In this study, we classified the most popular modes of public transportation (bus, taxi, subway) to investigate the relationship between ETS exposure public transportation mode. The weekly public transportation use frequency was classified as 1–6 times/7–13 times/≥14 times.

Those who answered “I have never smoked” and “I used to smoke in the past but not anymore” were included in the study as non-smokers, while those who answered “I smoke now” were classified as smokers and excluded from the study. In addition, the number of recognized secondhand smoke exposures per week was classified as None/1–2/3–4/5–6/daily.

Potential confounders

The sociodemographic variables and health behavior-related variables of the study participants were classified as follows. Age was divided into 10-year units from age 19 years. Household income level was divided into upper/upper-middle/lower-middle/lower according to the questionnaire. A body mass index (BMI) < 18.5/18.5–25/≥25 kg/m2 were classified as underweight/normal/obesity, respectively, while education level was classified as below middle school/high school graduate/college graduate. Marital status was divided into married and unmarried (single/divorce/widowed/separated). Alcohol consumption was classified as non-drinkers for participants who answered “do not drink at all” or “drank in the past but not anymore,” light drinker for drinking less than a heavy drinker, and heavy drinker for “drinking 3 times or more a week and drinking more than 5 glasses.” Exercise status was classified into exercise group for those who exercised ≥3 times a week for ≥20 min and sweating during exercise and into the non-exercise group for the rest of the participants. Region was classified as cities/rural area/coastal area/ heavy metals monitoring network(42 enumeration district where atmospheric heavy metals monitoring stations are installed) according to dataset of KoNEHS. Job was divided into non-manual(managers/professionals and related workers/clerks/service workers/sale workers), manual(skilled agricultural, forestry and fishery workers/craft and related trades workers/plant, machine operators and assemblers/elementary workers) and etc.(housewives/students/unemployed) according to Korean standard classification of occupations.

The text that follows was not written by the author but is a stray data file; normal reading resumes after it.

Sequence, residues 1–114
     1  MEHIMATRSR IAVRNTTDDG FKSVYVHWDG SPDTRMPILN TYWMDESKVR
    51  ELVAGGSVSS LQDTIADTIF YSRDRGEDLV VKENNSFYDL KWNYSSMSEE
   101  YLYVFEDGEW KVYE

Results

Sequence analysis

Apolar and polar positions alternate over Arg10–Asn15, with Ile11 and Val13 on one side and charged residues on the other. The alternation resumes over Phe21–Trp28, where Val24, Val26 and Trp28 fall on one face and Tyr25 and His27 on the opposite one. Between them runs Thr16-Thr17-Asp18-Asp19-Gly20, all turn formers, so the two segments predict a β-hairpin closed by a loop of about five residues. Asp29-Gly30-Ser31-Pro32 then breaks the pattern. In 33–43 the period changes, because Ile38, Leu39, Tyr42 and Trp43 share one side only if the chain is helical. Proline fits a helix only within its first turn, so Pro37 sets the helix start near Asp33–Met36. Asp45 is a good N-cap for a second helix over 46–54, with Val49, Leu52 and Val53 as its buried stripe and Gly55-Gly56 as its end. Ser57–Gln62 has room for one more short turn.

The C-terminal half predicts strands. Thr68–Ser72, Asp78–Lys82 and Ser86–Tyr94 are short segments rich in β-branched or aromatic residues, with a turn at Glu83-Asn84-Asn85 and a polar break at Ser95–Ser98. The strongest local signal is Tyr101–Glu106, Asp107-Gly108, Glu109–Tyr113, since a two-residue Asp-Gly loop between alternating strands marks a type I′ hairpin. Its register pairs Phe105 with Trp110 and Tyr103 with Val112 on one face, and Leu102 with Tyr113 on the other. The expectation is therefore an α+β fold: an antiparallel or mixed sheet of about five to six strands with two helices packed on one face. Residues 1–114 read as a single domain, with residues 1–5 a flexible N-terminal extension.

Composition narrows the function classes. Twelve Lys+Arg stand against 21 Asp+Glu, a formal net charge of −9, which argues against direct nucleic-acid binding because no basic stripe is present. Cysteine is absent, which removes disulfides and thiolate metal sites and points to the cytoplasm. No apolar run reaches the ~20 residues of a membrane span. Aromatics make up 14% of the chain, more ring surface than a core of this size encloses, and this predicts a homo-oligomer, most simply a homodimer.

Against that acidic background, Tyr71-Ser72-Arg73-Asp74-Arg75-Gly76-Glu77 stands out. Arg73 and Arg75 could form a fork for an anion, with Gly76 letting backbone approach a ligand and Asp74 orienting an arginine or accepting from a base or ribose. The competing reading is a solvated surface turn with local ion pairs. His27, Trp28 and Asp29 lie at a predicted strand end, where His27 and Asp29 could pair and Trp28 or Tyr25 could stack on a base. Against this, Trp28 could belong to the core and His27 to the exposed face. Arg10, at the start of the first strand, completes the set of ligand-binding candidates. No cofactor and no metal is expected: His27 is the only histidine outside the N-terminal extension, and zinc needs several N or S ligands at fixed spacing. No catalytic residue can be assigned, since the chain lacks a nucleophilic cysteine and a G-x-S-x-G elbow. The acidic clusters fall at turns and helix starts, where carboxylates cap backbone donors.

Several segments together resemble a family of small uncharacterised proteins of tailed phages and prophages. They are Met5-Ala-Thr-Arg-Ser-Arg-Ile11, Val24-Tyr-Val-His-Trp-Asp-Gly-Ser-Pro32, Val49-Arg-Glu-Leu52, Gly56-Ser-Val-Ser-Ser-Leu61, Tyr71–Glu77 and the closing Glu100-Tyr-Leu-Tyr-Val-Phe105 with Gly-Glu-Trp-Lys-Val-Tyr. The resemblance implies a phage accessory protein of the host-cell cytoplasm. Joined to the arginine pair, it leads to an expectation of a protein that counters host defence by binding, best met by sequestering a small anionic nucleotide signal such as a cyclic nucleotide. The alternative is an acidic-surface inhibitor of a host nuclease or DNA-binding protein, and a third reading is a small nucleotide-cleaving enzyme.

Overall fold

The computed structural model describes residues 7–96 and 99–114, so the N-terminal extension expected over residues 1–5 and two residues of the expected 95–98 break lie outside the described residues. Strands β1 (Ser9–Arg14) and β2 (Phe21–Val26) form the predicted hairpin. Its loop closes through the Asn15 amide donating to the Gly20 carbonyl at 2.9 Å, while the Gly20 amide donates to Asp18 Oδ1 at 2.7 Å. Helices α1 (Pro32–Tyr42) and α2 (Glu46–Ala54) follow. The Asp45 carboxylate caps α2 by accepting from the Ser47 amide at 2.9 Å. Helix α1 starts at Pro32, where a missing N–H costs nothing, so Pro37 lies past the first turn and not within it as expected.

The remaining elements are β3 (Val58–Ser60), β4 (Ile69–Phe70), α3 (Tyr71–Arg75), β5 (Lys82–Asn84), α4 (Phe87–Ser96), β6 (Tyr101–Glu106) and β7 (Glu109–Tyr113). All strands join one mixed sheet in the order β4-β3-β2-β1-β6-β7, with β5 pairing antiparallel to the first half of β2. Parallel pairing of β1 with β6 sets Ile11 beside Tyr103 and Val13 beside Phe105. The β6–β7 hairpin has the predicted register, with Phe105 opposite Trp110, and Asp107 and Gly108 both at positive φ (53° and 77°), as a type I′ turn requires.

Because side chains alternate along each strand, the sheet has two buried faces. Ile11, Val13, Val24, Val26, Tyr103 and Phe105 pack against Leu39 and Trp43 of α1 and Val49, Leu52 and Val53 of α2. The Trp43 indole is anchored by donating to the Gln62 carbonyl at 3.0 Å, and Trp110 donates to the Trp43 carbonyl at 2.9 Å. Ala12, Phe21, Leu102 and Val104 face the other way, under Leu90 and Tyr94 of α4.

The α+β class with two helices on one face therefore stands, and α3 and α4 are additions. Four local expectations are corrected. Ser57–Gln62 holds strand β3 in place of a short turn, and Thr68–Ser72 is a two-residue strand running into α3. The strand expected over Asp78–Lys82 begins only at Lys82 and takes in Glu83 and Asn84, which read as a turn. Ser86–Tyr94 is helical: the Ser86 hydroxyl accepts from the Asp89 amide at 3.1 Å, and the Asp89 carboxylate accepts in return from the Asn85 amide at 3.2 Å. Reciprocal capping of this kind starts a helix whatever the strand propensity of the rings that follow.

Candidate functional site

Statistical analysis

This study applied the weights given in the guidelines for using raw data of the second KoNEHS. The sample weights were calculated through design weight, non-response adjustment, and population adjustment process [22].

We examined the subjects’ general characteristics and conducted a chi-square test to investigate the differences in the distribution of independent variables. Urinary cotinine concentrations were not normally distributed, so the values were converted to a natural logarithm to obtain the geometric mean and corrected for urinary creatinine concentration. Analysis of variance was applied to compare the geometric mean of urinary cotinine according to the public transportation modes and weekly use frequency of public transportation. Analysis of covariance was used to compare the geometric means with adjustments made to each variable. To determine the urinary cotinine concentration according to public transportation mode, the top 75% (≥3.14 μg/g creatinine) was defined as the high exposure group and a logistic regression analysis was performed [2628]. The number of recognized secondhand smoke exposures per week was adjusted in Model 1. Age, residential area, education level, marital status, alcohol consumption, public transportation use frequency, BMI, exercise status, job classification and household income were added in Model 2. The statistical analysis was performed using IBM SPSS (version 19 for Windows) and the statistical significance level was set at p < 0.05.

Results

Table 1 shows the general characteristics of the study subjects (Table 1). The participants were 1322 females with a geometric mean urinary cotinine concentration of 1.75 μg/g creatinine. There was a significant difference in urinary cotinine concentration by age. At 50–59 years of age, the peak (1.92 μg/g creatinine) was formed; thereafter, it tended to decrease with age. There was also a significant difference depending on the residential area. Coastal residents (2.00 μg/g creatinine) had a higher urine cotinine concentration than city and rural residents. The number of recognized secondhand smoke exposure per week and urinary cotinine concentration had a clear tendency (p < 0.001). The urinary cotinine concentration of participants who answered they were not exposed to secondhand smoke was 1.62 μg/g creatinine and tended to increase as the number of secondhand smoke exposures increased. Obese people have higher urine cotinine concentration(1.84 μg/g creatinine) than normal or underweight. In addition, urine cotinine level was higher in high school graduates (1.86 μg/g creatinine), married participants (1.85 μg/g creatinine), and low household income (1.93 μg/g creatinine).
Table 1

Demographic distributions of the study subjects and urinary cotinine concentration(μg/g creatinine) according to general characteristics

 

Category

N(%)

GM(±SE)